The CBO Report and Lessons for CMMI’s Future

After over a decade of projecting that the models initiated by the Center for Medicare and Medicaid Innovation (CMMI) would reduce Medicare spending, eyebrows were raised in health policy circles when the Congressional Budget Office (CBO) issued a recent report estimating that in its first decade of operation, CMMI’s efforts had actually elevated federal spending by $5.4 billion between 2011 and 2020. CBO initially estimated that the agency’s work would result in a net spending decrease of nearly $3 billion over the 2011 through 2020 budget window. Over the 2021 through 2030 budget window, CBO had previously projected that CMMI models would reduce federal spending by $77.5 billion. CBO’s revised estimates now project that CMMI models will increase federal spending by $1.3 billion from 2021 through 2030. There are a couple of important takeaways from this report that can enhance CMMI’s work and lead to more successes moving forward.

First, we’ve already witnessed that CMMI can have its greatest impact in helping to transition the healthcare system from its traditional fee-for-service orientation to a value-based framework. Continuing this progress will lead to greater cost-efficiency within the system, while attaining positive patient outcomes, enhancing equity, and without undermining healthcare quality. In the years to come, this is where CMMI should focus the lion’s share of its work, developing sustainable models that will achieve meaningful savings through patient-centered coordinated care and that have bipartisan support.

And, second, it is critical to get health provider participation in innovative payment and delivery models. CBO also notes that CMMI “might achieve larger net budgetary savings in its second decade by drawing on the lessons from past models when designing new ones.” We must ensure that providers’ incentives to participate in the models are not outweighed by burdens of operating under the model. When new models create onerous burdens on those organizations that might otherwise want to engage, the result is lack of participation. As CBO pointed out in its report, there have been instances in which CMMI models have created inconsistent and even contradictory mandates for providers to follow, creating unnecessary paperwork and expense. Listening to health providers, being responsive to their concerns and ideas, and incentivizing them to participate in new demonstration projects is critical in CMMI’s second decade. Mandatory participation models may seem appealing (although MedPAC has noted some of the limitations and lack of evidence), but it would be better if we are to see savings to create models that are appealing to providers and their patients.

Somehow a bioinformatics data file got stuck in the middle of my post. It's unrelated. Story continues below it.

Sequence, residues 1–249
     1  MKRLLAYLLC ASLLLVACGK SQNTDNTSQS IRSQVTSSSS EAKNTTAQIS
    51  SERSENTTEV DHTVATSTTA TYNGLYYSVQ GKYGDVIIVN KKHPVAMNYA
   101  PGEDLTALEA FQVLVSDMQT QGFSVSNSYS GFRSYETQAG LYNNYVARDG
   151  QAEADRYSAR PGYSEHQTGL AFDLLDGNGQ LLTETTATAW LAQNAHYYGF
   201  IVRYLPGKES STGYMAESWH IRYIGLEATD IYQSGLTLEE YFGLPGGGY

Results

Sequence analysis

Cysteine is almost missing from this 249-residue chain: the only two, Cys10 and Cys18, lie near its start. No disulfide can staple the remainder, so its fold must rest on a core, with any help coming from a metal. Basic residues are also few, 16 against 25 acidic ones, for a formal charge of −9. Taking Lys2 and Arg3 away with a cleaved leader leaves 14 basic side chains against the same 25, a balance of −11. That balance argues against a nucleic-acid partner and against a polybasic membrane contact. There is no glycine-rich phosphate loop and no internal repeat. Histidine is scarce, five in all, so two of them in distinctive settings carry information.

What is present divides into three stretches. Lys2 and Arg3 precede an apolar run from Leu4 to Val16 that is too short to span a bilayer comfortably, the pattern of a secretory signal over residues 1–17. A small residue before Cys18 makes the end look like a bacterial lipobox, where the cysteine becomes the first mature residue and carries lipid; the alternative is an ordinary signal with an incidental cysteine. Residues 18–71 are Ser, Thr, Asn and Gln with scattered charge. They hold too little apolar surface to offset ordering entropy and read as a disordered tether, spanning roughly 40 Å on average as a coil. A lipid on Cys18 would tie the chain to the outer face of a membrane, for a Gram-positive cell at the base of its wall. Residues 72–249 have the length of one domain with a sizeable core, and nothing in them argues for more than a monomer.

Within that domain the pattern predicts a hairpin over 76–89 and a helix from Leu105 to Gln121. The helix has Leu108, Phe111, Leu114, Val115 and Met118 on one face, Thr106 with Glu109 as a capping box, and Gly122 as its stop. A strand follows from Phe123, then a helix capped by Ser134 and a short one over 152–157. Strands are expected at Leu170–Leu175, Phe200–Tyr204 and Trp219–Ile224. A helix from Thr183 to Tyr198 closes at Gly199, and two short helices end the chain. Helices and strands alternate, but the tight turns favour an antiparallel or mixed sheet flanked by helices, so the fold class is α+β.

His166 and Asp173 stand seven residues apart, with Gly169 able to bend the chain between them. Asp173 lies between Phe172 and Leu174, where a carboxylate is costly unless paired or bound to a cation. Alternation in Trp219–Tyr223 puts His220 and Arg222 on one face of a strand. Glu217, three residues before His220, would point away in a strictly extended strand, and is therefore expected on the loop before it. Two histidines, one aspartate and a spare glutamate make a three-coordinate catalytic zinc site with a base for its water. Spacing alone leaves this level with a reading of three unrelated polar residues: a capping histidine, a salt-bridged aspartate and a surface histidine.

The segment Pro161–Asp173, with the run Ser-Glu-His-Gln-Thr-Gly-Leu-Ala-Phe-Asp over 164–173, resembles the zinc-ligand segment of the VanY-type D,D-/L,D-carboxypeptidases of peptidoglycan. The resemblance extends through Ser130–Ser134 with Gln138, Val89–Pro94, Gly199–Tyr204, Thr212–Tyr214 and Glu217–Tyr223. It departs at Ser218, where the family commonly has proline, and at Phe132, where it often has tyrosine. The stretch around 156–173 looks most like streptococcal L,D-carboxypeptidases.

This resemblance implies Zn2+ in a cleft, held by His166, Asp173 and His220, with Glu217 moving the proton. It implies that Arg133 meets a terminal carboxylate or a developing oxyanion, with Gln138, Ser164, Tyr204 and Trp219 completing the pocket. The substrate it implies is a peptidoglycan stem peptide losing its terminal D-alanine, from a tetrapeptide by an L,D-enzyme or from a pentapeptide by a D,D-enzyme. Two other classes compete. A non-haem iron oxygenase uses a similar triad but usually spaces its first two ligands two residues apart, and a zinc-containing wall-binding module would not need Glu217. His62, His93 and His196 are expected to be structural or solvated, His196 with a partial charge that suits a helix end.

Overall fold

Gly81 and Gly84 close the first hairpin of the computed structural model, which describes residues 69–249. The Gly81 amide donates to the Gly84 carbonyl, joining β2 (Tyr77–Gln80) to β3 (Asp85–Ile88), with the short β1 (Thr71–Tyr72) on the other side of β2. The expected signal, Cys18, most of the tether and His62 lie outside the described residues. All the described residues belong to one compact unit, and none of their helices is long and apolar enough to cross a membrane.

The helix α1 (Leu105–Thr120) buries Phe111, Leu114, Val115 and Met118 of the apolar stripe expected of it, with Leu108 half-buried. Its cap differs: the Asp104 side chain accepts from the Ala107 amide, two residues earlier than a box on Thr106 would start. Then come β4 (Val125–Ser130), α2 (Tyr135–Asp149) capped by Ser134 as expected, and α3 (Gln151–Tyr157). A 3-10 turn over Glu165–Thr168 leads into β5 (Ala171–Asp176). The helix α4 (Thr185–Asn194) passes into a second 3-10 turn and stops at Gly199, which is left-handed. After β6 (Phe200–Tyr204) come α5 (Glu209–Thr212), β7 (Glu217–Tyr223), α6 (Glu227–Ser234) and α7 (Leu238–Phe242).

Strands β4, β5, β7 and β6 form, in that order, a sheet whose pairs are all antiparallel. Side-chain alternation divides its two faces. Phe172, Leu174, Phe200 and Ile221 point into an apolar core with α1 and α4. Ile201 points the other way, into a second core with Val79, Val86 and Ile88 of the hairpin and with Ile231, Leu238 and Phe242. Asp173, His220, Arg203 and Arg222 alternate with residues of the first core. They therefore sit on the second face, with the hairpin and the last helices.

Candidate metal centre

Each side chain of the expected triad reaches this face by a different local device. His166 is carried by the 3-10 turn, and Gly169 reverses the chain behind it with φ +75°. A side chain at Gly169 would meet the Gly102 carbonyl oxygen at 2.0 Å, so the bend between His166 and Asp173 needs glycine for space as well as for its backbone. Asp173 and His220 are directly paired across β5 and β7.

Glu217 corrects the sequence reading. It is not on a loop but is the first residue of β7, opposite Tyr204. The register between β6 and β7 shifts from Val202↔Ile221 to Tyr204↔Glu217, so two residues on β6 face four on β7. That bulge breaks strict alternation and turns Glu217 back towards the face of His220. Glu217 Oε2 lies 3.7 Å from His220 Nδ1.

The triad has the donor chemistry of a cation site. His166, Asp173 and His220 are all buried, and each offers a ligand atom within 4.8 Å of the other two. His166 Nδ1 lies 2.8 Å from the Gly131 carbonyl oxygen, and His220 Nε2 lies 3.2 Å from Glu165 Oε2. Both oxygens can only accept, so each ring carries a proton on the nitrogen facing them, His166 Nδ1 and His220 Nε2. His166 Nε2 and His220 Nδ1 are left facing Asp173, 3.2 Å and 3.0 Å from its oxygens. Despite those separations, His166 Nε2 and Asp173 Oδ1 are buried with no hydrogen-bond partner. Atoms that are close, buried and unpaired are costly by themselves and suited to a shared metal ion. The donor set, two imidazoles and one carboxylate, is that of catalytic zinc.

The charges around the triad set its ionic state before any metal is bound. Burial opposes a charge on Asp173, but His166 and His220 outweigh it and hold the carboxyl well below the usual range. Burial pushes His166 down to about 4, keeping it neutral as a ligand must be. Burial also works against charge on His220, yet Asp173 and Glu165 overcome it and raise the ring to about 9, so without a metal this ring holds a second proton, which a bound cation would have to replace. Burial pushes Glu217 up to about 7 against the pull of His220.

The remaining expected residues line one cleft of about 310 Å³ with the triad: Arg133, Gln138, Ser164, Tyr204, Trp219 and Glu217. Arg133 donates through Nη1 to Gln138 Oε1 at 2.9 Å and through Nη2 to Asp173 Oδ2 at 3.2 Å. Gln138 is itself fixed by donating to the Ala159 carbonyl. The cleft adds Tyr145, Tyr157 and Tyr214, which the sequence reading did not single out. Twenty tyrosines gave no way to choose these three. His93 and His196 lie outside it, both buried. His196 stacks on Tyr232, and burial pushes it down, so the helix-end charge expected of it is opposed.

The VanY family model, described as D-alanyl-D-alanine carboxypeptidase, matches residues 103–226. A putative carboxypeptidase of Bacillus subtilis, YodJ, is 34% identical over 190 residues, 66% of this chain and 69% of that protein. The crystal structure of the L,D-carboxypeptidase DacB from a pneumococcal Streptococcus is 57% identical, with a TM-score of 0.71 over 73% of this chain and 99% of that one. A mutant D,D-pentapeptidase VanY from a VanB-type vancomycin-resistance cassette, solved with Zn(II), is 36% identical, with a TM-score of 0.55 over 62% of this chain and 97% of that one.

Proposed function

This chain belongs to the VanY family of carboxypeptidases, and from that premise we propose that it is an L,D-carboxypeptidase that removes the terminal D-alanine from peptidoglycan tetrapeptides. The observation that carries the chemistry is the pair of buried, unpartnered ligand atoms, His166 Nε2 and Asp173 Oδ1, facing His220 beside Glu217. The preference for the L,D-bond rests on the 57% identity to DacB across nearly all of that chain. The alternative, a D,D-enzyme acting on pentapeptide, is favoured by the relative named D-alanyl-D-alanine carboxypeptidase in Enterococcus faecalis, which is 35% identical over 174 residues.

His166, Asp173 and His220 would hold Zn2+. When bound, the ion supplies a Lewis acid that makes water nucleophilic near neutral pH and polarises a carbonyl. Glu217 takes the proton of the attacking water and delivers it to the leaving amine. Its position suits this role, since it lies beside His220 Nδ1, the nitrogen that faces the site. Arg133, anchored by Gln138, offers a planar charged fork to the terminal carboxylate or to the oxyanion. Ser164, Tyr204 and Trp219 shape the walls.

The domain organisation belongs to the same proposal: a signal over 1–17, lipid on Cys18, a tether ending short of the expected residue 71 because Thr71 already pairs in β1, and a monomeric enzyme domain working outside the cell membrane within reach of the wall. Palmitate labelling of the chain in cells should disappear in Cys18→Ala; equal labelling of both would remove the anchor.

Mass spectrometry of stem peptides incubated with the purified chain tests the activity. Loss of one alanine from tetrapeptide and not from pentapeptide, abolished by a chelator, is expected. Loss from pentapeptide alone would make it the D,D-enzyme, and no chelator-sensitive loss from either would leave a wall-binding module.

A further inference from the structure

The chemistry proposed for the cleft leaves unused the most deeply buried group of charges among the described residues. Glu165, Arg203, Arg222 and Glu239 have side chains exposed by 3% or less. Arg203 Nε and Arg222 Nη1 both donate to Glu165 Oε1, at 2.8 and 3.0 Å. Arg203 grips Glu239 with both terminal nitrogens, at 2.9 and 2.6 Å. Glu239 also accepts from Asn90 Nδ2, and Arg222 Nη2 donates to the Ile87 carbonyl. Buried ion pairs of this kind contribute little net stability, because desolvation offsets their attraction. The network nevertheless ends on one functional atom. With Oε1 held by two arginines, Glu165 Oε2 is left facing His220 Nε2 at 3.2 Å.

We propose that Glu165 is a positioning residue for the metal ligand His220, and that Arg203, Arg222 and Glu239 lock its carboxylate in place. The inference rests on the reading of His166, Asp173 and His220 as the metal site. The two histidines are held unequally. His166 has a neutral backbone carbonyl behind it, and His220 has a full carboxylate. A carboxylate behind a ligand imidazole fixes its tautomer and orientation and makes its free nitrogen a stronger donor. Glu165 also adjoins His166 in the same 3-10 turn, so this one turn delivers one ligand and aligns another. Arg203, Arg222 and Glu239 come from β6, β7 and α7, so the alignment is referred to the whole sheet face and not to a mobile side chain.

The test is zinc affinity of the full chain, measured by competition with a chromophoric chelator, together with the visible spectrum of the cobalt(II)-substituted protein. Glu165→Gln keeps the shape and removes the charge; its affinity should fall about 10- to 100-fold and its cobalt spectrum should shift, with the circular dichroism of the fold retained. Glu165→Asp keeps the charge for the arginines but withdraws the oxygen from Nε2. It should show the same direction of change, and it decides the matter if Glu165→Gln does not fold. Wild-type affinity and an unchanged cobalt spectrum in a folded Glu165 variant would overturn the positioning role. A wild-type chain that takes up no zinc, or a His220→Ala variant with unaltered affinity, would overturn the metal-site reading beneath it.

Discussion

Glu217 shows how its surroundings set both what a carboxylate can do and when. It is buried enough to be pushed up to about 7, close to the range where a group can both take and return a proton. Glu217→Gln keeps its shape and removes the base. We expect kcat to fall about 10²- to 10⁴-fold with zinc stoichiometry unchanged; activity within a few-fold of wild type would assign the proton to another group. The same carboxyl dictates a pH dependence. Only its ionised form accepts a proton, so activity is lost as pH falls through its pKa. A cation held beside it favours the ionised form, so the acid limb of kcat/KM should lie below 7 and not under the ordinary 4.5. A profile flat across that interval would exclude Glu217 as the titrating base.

Providers with more value-based care arrangements fared better during the pandemic than those relying on fee-for-service volume-based arrangements. Legislation that helps focus CMMI’s mission on driving toward value-based care should be considered as a way to improve CMMI’s success as opposed to tying its hands.